Long before the exodus of God’s people after 400 years of slavery, Jacob made his exodus out of Egypt. Chapter 49 ends with Jacob’s dying words to his sons. He commanded them to bury him in Canaan in the tomb of his family. It was in that tomb where the remains of Abraham and Sarah, Isaac and Rebekah, and Leah rested. “Each act of Jacob in his final days has concerned his fundamental commitment to the holy family and to the land that his ancestors have embraced in faith” (Waltke, 616). Jacob’s sons kept their promise. Joseph directed Egyptian physicians to preserve his father’s body. Then the brothers made the sacred journey back to Canaan and buried Jacob among his fathers.
The record of Jacob’s life is an epic tale stretching over half the Book of Genesis. From the womb, Jacob’s life was characterized as one of struggle. He struggled with family through moments of betrayal, sterility, and famine. He also saw days of great trust, fertility, and feasting. When he died, Jacob did so in peace, having trusted God to fulfill his promises. The mourning in Egypt over Jacob’s death, was a partial fulfillment of God’s promise to make his name great and to extend blessings to the whole world through this one family.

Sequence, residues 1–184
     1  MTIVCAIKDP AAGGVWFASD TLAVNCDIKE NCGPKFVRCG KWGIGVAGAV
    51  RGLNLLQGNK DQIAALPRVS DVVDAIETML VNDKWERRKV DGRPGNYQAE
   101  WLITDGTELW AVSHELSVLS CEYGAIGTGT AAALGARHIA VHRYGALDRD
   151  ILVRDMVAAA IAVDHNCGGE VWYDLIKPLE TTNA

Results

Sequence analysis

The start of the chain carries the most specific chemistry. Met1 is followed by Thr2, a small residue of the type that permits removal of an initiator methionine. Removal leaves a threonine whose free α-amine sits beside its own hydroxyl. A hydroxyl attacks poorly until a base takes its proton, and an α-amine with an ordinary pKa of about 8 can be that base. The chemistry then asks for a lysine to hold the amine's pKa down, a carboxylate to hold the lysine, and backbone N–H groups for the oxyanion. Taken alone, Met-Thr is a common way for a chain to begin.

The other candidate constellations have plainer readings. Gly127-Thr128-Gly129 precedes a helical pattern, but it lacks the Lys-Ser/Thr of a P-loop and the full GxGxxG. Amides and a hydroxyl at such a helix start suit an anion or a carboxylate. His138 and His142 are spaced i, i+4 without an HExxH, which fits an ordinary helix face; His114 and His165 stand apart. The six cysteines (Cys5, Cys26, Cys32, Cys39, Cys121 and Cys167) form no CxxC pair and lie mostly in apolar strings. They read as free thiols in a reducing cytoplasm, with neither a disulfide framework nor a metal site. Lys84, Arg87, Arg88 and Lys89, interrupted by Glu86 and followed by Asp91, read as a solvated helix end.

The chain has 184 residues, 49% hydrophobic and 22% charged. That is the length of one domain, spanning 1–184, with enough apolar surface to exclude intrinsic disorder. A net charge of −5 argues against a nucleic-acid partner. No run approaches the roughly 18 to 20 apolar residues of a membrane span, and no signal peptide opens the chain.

Moses wrote this account during the exodus years of God’s people as they followed the very path first taken by those who bore Jacob back to Canaan. Indeed, Jacob’s exodus foreshadows Israel’s exodus. What is more, the grand funeral procession ordered by Pharaoh complete with royal chariots and dignitaries is a foretaste of that greater exodus from this age to the next when all of God’s redeemed people throughout the ages and from all the nations will hail Jacob’s greater Son as Savior and King.